The king sends his consultants to the prophet Isaiah (2 Kings 19:1-19:4)

“When King Hezekiah heard this, he also tore his clothes. He covered himself with sackcloth. He went into the house of Yahweh. He sent Eliakim, who was in charge of the palace, Shebnah the secretary, and the senior priests, covered with sackcloth, to the prophet Isaiah the son of Amoz. They said to him. ‘Thus says King Hezekiah. This day is a day of distress, of rebuke, and of disgrace. Children have come to the birth, and there is no strength to bring them forth. It may be that Yahweh your God heard all the words of Rabshakeh, whom his master the king of Assyria has sent to mock the living God. Will you rebuke the words which Yahweh your God has heard? Therefore, lift up your prayer for the remnant that is left.’”

It seems like it was common to tear your clothes whenever you heard bad news. If you were a pessimist you would need a large wardrobe or wear torn clothes all the time. Instead of the torn clothes you wore sackcloth, the cloth that carried the various vegetables or food. Being the good king, Hezekiah went into the house of Yahweh, the temple. Then he decided to send his consultants, Eliakim, Shebnah, and the senior priests to the prophet Isaiah son of Amoz. Notice that Joah did not go. They would all be wearing sackcloth. Things are in distress and disgrace. In an interesting metaphor they say that women are coming to the moment of childbirth but have no strength to bring their children into the world. They mentioned that perhaps Yahweh had heard the mocking words of Rabshakeh. The king of Assyria’s representative mocked the living God. How would you rebuke him? They wanted prayers for the “remnant.” This theme of the faithful few left behind will occur quite often.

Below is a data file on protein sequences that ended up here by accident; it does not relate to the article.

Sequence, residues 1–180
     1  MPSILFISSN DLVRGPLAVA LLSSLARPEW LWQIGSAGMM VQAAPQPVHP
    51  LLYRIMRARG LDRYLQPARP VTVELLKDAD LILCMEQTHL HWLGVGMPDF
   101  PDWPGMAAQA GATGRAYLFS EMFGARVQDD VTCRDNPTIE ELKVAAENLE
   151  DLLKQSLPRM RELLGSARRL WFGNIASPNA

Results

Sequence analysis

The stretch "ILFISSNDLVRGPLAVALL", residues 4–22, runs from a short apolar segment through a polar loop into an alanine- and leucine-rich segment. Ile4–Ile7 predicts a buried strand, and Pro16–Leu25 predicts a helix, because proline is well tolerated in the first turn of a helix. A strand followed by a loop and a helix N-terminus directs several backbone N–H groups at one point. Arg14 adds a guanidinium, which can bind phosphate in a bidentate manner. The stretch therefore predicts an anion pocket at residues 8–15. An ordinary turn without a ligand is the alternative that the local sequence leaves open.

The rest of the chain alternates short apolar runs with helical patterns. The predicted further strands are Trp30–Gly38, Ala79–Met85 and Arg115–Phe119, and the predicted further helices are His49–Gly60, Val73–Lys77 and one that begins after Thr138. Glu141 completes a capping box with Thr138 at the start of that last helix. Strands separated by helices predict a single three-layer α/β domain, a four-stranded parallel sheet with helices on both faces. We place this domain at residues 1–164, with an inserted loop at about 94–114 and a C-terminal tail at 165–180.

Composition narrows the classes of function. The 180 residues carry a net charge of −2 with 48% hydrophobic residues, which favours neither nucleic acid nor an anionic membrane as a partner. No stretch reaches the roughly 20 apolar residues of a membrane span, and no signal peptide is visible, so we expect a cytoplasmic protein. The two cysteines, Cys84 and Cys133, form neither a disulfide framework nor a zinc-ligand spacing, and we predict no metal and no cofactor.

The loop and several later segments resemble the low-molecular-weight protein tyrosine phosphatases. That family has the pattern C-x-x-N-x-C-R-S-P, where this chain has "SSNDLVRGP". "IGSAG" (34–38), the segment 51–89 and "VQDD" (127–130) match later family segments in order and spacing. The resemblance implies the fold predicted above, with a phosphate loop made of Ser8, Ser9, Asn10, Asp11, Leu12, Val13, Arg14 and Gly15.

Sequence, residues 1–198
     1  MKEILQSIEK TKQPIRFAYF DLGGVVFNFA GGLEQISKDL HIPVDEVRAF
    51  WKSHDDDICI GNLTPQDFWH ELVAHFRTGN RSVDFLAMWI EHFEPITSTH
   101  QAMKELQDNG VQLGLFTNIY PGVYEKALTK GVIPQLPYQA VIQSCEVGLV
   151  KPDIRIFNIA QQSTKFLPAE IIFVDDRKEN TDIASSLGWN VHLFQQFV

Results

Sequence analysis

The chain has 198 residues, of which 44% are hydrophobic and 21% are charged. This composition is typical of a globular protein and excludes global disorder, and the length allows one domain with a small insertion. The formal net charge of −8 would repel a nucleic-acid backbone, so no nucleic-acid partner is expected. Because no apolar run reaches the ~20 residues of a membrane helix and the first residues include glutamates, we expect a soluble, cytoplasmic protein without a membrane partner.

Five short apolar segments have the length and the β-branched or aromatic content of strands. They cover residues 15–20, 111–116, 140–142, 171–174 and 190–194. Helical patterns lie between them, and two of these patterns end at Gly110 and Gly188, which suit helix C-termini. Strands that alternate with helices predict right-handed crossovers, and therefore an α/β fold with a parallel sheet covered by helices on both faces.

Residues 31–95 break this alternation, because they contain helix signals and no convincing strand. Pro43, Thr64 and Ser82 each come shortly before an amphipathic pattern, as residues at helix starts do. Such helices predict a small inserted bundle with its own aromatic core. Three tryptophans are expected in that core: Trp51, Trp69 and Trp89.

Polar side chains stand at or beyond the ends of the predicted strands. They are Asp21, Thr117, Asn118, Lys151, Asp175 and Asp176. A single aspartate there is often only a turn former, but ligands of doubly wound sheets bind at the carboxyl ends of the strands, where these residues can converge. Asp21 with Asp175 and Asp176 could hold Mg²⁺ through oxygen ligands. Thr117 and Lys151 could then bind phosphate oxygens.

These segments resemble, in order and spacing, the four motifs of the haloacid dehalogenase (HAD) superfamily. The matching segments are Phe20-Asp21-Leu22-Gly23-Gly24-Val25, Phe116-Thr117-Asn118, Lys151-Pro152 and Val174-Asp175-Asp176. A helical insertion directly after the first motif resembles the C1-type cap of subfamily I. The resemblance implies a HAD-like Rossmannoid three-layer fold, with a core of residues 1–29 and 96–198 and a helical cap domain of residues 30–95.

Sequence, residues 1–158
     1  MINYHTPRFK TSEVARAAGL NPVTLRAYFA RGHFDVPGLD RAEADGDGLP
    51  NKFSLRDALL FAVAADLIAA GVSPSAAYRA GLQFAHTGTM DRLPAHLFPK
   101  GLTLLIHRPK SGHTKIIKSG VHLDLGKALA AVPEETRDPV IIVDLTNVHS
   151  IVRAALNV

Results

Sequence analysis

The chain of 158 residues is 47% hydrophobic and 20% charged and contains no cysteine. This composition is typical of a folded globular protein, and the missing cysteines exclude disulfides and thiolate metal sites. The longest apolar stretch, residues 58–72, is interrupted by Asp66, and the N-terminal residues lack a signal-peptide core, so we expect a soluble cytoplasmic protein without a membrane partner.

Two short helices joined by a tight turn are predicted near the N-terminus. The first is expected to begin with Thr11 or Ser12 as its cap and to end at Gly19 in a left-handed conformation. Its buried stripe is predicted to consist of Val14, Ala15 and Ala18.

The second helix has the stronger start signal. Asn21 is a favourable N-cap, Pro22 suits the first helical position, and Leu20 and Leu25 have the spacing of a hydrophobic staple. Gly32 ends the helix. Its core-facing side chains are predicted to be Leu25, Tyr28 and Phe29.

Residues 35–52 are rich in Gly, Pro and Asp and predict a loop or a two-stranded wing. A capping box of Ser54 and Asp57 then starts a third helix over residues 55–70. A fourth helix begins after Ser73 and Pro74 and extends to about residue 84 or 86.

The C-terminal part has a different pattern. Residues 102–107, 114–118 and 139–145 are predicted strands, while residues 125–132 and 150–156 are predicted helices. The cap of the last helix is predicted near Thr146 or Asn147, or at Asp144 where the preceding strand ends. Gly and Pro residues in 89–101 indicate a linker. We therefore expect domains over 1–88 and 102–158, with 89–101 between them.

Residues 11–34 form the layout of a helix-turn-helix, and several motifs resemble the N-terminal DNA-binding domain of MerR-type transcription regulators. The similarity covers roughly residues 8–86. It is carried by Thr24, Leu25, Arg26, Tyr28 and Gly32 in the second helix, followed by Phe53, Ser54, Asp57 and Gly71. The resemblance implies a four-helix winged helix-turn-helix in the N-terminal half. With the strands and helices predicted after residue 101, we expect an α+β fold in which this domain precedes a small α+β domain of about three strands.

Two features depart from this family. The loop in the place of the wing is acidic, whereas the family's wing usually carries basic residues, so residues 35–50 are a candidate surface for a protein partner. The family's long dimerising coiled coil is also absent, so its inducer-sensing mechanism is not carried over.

Leave a Reply

Fill in your details below or click an icon to log in: Logo

You are commenting using your account. Log Out /  Change )

Google photo

You are commenting using your Google account. Log Out /  Change )

Twitter picture

You are commenting using your Twitter account. Log Out /  Change )

Facebook photo

You are commenting using your Facebook account. Log Out /  Change )

Connecting to %s

This site uses Akismet to reduce spam. Learn how your comment data is processed.